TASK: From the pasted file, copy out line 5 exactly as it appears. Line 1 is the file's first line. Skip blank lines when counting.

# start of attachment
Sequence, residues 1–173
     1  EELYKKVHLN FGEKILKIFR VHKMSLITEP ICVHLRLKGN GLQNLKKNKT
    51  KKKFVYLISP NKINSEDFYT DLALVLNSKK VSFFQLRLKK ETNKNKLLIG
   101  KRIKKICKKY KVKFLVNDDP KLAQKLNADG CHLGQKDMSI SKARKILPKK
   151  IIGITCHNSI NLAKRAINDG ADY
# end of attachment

   151  IIGITCHNSI NLAKRAINDG ADY